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It is a new day down in the basement of Owen High School, where for the past three weeks the wrestling team has been preparing for the new season in its maroon and white practice room.

This year is a transitional one for the Warhorses, led by a young, new head coach Kyle Higgins. Higgins stepped in when former coach Jeff Foster left the school.

Higgins is no stranger to the sport, having walked onto the wrestling team in college at Campbell University after an all-state high school wrestling career. His perseverance allowed him to start for the Fighting Camels for four years.

The energetic new coach is also quite familiar with his team, having coached many of the young wrestlers at Owen Middle School during the 2013-14 season. That experience has been valuable for Higgins, whose early focus was on recruiting wrestlers.

“Before we started, when I would come by, guys seemed excited that they knew me and a little bit about my background and personality,” Higgins said. “The guys that wrestled for me at the middle school seemed pretty excited that I took the position, so I think that helps with bringing in guys that were kind of on the fence about whether they would wrestle or not.”

Senior Chance Watkins wrestled for Owen last season when the size of the roster was down significantly and the team was forced to forfeit many of the matches. Higgin’s positivity and energy have brought new life to the program, Watkins said.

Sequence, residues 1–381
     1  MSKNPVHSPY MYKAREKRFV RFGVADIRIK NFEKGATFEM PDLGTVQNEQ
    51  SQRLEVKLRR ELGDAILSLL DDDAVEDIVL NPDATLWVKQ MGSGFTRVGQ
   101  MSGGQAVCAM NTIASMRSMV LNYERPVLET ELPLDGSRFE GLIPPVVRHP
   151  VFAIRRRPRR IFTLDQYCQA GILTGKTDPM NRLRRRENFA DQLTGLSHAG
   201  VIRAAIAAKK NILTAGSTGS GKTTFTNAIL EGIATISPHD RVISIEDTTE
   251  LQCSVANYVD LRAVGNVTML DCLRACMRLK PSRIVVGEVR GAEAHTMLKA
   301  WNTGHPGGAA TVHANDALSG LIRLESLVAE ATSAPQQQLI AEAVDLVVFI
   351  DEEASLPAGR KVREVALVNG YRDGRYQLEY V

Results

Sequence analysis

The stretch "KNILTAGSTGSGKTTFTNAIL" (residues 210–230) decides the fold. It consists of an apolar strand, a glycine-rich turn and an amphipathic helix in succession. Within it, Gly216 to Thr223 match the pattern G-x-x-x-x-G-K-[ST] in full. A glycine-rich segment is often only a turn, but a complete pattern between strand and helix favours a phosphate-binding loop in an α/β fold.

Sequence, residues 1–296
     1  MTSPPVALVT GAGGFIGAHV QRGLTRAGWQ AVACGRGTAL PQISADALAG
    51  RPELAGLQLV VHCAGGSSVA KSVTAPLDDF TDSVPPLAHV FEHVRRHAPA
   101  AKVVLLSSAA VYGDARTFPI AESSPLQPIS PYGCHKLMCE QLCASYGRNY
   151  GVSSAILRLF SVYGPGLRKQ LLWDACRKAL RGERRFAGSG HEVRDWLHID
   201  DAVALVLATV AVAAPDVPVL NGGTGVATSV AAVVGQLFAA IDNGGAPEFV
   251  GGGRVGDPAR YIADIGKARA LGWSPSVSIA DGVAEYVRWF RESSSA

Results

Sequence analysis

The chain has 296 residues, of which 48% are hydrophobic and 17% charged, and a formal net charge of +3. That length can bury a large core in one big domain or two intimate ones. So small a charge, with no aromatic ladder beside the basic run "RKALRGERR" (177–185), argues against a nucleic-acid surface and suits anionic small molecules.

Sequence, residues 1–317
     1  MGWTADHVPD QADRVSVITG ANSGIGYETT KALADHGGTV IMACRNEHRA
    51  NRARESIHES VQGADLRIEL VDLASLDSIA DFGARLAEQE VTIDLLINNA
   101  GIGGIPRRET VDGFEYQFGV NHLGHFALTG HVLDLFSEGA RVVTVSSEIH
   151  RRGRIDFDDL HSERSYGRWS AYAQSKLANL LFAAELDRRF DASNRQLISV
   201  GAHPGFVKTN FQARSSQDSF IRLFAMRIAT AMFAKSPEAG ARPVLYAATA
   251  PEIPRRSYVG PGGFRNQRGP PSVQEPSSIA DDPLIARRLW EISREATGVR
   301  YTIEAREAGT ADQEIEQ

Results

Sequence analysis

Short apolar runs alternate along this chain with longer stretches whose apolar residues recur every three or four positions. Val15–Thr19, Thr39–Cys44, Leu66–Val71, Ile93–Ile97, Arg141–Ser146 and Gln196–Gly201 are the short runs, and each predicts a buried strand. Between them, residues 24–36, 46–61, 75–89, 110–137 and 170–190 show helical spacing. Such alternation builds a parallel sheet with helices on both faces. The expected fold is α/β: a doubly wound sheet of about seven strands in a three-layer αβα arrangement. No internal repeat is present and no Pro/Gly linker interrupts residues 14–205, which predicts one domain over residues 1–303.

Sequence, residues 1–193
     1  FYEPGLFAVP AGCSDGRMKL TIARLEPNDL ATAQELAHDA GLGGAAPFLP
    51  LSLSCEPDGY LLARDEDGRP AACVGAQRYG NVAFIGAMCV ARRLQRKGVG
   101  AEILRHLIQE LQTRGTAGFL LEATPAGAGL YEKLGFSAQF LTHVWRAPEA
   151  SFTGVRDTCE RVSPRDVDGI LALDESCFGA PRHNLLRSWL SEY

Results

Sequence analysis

“It’s a lot different this year, but he’s brought such a different perspective,” Watkins said. Higgins is “young, fresh, and he knows what he’s talking about and he makes sure that everybody knows what they’re doing at all times.”

Higgins has gotten the team roster up to about 18 wrestlers, which has helped the team remain competitive in the team’s three meets so far this season.

“My hope is that when everyone gets to the weights they should be at then we will have plenty to fill all of the weight classes,” Higgins said. “The challenge will be guys who are at the same weight right now kind of spreading out to fill the line-up.”

Higgins points to Watkins, the team’s lone senior, as one of the guys on the roster who has set a good example for the younger wrestlers.

“He’s a really hard-working guy. He’s an ROTC kid and obviously has lots of discipline,” Higgins said. “He loves to be out there and has a lot of potential, but more than anything he leads in the wrestling room. He never goofs off, and he’s always working hard.”

Junior Thomas Neal and freshman Tanner Riddle have also stood out as leaders, Higgins said.

“(Neal) has really stood out as someone who wants to get practice going,” he said. “He comes in and washes the mats before I’m even able to get to the gym. He’s another one that goes really hard during practice too.

“And Tanner Riddle, who wasn’t able to wrestler last year as a freshman, wrestled for me at the club level and at the middle school,” Higgins continued. “If he can stay healthy this year then he should surprise some people.”

The leadership and strong work ethic of the team should be enough to reach some of the goals Higgins has set for his group.

“I would like to see us improve upon last year’s number of team wins,” he said. “And I would really like to see us take two, three, four or more to the state tournament. That’s one of my big goals.”

More team wins this season would be a great start for Higgins’ coaching career. But that number will not be used as a serious evaluation tool. His primary focus will be on the progress each wrestler shows.

“It’s hard in your first year to judge off of wins and losses,” he said. “We’re going to look at the things we need to improve on after our first few matches and get to work on that.”

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